11 Things to Know If You’re Stopped or Arrested for DUI

11 Things to Know If You’re Stopped or Arrested for DUI

  1. You must show your driver’s license and registration if you are stopped while driving an automobile. Upon request, show them your driver’s license, registration, and proof of insurance.
  2. When you are first contacted by police because they suspect you may be DUI, but before they have decided they enough evidence to arrest you for DUI, police may ask you to perform field sobriety exercises (stand on one leg, touch the tip of your nose with your eyes closed, etc.). You DO NOT have to perform these exercises and there is no penalty for not doing them.  Before an arrest, police may also ask you to blow into a portable breath testing device in order to measure the percentage of alcohol in your blood.  You DO NOT have to perform this test and either, and police are required to tell you that it is voluntary.  Performing these testsbefore you have been arrested only provides the police with evidence to use against you in court.  It is recommended that you do not volunteer to perform either of these pre-arrest tests.
  3. If police place you under arrest for DUI, California’s “implied consent law” law comes into play. The implied consent law basically says that when you drive a vehicle on California roads, you agree to consent to a chemical test if you are arrested for DUI.  The implied consent law states that you must be told that you have the choice of chemical tests to measure the percentage of alcohol in your blood.  These test options include a breath test or a blood test, and in certain cases, a urine test. Police are also required to tell you that you can refuse such tests, but if you refuse, police must tell you that your driving privilege will be suspended by the Department of Motor Vehicles and your refusal can be used against you in criminal court.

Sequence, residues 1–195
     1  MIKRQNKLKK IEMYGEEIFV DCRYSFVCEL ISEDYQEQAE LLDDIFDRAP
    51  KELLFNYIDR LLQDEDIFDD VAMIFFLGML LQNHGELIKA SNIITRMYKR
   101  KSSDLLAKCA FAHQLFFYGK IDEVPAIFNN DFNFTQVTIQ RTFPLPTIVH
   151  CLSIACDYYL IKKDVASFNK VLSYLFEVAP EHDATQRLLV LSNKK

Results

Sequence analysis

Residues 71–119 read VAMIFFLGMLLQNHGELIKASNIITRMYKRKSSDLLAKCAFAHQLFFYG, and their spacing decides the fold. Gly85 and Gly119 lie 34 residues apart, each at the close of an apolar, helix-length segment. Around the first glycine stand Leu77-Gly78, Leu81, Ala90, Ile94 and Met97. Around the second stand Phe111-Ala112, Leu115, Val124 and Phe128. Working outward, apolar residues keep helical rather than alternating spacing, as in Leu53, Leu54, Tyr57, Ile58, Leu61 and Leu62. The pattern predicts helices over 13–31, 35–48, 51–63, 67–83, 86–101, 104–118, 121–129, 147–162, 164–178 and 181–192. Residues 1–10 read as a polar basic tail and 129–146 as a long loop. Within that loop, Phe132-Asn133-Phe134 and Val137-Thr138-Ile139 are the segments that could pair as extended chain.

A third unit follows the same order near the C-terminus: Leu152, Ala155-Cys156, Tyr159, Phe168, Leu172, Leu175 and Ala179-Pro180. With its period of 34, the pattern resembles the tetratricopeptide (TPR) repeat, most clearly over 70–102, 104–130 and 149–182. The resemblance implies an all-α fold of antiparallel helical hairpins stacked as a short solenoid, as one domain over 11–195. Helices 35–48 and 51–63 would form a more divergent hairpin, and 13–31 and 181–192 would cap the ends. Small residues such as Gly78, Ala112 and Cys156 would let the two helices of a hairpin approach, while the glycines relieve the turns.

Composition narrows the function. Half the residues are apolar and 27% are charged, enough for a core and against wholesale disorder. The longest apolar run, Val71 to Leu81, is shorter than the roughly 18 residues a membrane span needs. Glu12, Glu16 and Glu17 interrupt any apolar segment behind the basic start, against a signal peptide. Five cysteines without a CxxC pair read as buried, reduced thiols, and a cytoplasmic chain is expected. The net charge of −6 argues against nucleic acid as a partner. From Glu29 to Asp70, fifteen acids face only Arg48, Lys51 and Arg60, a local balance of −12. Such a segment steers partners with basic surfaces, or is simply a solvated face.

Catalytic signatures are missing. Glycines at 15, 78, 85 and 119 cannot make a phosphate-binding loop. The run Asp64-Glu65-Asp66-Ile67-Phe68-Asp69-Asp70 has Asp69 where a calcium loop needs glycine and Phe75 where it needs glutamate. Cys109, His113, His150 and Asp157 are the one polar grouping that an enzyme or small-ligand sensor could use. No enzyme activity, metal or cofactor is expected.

4. You don’t have to consent to any search of yourself or your car. If you do consent to a search, it can affect your rights later in court. If the police say the arrest you on suspicion of a DUI they may have the right to search your car. Ask your lawyer if this applies in your case.
  5. If police come to your house and ask to speak to you because they think you may have recently driven while under the influence, you do not have to answer the door or go outside to speak to them. Police may try to trick you to come outside your house — or even to the doorway or porch — so they can arrest you or see you better to gather evidence that you have been drinking (like looking to see if your eyes are red or watery, whether you have alcohol on your breath and whether you  can walk steadily). Remember, your home is your castle.
  6. Do not interfere with, or obstruct the police — you can be arrested for it.
  7. Police may “pat-down” your clothing if they suspect a concealed weapon. Don’t physically resist, but make it clear that you don’t consent to any further search.
  8. If you are on DUI probation or under 21 year you have to submit to a roadside breath test.
  9. Don’t bad-mouth the police officer or run away, even if you believe what is happening is unreasonable. That could lead to your arrest.
  10. If you’re arrested or taken to a jail or police station, you have the right to remain silent and to talk to a lawyer before you talk to the police. You must tell the police things like your name, address, date of birth, etc, but if you are stopped for or arrested for DUI, you do not have to answer questions about whether and how much you have been drinking alcohol or drugs.  The less you say the better. The police will comment on your slurred speech.  Ask your lawyer questions, not the cops.
  11. Do not make any decisions in your case until you have talked with a DUI lawyer.